Incision-less Laser Vaginal Rejuvenation by Gyneshape?

I heard of Incisionless vaginal rejuvenation via laser that shrinks the vaginal walls without using the scaple. I'm really interested in it but I have not seen much reviews from people who have actually done it, do you think it would work? The laser is called gyneshape and was created by dr zipper who I believe is a gynecologist.

Doctor Answers 4

Laser Vaginal Rujuvination

Laser Vaginal Rejuvination has been around in one form or another for over ten years.  Although "shrinking" of the vaginal walls may be beneficial, the vast majority of patients seeking/needing tightening of the vaginal vault require an actual incision to get to the supportive/structural muscles of the vagina to then tighten them with sutures.  I always recommend seeking consultation with a board certified surgeon whom is knowledgeable and able to perform both procedures so that you get an unbiased opinion.  Best of luck...RAS 


Beverly Hills Plastic Surgeon
5.0 out of 5 stars 30 reviews

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Incision-less Laser Vaginal Rejuvenation by Gyneshape?

If you want lasting results, you need to have an incision in order to suture the muscle and tighten the vaginal wall.  A laser will temporarily tighten the mucosa but it will restretch pretty quickly.

Laser Vaginal Tightening

Gyneshape, introduced several years ago, was the first laser technology marketed in the US for vaginal tightening. Dr Zipper is a friend and very skilled colleague. Since then, large international laser companies with equally large marketing budgets have introduced their versions of nonsurgical vaginal tightening.

The Mona Lisa Touch, the FemiLift, and the IntimaLase procedures are nonsurgical laser procedures that treat the skin of the vaginal canal. They use the same technology of fractional laser skin peeling used for the face. These procedures are examples of laser vaginal tightening (LVT) - actually laser vaginal skin tightening. They don't cause the vaginal skin to peel and they don't require anesthesia.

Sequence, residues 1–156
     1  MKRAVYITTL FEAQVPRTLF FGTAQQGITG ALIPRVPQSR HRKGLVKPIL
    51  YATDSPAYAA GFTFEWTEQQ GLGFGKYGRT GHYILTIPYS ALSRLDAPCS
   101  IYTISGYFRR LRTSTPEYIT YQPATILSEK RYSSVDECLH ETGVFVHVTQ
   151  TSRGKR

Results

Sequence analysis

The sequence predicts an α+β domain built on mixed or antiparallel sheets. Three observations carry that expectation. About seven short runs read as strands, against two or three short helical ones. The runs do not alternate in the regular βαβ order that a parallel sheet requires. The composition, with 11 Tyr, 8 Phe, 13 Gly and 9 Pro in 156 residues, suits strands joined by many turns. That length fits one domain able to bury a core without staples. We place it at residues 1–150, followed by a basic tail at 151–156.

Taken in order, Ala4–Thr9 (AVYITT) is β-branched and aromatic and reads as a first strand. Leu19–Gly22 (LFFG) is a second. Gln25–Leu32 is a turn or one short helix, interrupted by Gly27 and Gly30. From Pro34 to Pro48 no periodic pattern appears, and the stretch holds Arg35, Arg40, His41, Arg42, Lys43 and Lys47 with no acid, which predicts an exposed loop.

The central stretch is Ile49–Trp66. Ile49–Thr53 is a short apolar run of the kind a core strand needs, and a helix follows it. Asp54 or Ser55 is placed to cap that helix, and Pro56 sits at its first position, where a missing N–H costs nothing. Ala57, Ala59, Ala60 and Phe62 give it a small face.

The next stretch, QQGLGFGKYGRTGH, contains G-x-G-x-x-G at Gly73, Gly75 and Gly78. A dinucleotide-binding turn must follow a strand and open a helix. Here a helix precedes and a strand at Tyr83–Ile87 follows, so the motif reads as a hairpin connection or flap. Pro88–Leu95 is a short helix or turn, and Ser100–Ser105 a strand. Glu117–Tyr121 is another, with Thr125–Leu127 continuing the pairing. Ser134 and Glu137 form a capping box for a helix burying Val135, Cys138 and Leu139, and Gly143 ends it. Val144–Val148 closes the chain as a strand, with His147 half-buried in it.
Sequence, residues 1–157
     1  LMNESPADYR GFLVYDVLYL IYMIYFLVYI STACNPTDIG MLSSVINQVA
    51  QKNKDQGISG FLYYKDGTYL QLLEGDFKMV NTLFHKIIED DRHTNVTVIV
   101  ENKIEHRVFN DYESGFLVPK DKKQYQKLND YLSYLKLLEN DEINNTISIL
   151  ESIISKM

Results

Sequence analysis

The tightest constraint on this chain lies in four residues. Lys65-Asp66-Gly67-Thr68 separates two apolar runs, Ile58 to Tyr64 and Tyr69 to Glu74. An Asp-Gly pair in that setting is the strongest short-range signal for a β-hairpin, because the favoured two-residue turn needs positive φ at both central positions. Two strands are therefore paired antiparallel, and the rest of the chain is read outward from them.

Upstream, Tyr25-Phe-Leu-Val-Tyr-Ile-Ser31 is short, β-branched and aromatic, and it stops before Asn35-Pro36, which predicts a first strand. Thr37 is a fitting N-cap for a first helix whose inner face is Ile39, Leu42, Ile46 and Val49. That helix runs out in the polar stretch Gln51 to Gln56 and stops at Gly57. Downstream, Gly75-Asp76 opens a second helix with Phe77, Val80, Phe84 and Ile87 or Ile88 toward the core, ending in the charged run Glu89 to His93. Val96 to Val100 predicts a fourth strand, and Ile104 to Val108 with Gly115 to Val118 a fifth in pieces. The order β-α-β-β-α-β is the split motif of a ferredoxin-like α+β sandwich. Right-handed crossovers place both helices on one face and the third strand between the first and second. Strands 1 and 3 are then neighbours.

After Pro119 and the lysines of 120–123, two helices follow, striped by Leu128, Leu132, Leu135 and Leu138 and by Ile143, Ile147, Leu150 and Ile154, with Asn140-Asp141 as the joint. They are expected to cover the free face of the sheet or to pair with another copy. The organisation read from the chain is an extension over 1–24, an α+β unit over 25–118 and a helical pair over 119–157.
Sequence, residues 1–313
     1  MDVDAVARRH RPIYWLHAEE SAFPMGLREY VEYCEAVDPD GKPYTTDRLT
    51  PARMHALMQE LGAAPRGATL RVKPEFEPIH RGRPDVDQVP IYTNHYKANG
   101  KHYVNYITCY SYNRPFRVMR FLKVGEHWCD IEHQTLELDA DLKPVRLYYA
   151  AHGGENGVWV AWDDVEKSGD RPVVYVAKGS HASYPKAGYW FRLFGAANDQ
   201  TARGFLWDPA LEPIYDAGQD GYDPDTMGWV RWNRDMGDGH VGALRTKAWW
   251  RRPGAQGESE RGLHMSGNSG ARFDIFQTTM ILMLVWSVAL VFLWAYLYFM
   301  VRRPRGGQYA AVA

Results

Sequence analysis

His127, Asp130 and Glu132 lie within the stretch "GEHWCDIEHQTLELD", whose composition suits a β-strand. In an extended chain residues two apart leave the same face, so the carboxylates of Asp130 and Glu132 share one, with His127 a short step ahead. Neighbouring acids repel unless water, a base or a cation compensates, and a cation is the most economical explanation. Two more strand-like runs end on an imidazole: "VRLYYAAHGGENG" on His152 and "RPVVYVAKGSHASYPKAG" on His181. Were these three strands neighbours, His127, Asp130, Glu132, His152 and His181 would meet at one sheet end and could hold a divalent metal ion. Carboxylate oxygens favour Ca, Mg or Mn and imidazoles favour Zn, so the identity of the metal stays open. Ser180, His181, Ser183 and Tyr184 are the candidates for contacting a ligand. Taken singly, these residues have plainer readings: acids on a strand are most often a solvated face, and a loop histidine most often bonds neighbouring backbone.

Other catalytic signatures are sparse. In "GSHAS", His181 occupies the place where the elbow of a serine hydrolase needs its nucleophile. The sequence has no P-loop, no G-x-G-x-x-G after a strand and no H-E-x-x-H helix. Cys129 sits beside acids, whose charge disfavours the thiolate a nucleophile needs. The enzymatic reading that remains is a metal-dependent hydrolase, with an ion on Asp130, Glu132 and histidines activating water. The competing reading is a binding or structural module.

As for success and failure, consider the following:

When the vagina loosens after childbirth, it's the muscles that have loosened. The skin stretches too, but the distances between the levator muscles (Kegel muscles) and the muscles of perineum is commonly permanently widened. In addition, the attachments of pelvic floor muscles, the bladder, and the rectum can become damaged. Procedures generally known as vaginoplasty and pelvic floor reconstruction are designed to fix the damage, tighten the muscles, and tighten the skin to create a long lasting and effective solution. LVT, cures none of these things. It's designed to provide a mild superficial and temporary shrink to the vaginal skin only, not the muscles and not to damage to the pelvic floor. It's a trade-off. If you want something that works well and lasts a long time, consider vaginoplasty. If you want something less effective, temporary and cheap, then LVT might be your thing.

Marco A. Pelosi III, MD
Jersey City Cosmetic Gynecologist
5.0 out of 5 stars 3 reviews

Gyneshape and vaginal tightening

Any vaginoplasty which does not involve tightening of the pelvic muscles will be of short-lived usefulness as the vaginal lining is very stretchy and will quickly revert to its original state. In order for a vaginoplasty to be fully effective one needs to tighten the pelvic musculature in addition to tightening the vaginal mucosa. Modalities like this have been tried for loose skin of the face and neck and have been of very limited effectiveness and value. I suggest that you consult with a board-certified surgeon who has experience in vaginoplasty and vaginal reconstruction. Good luck

Johan E. Brahme, MD
San Diego Plastic Surgeon
4.5 out of 5 stars 14 reviews

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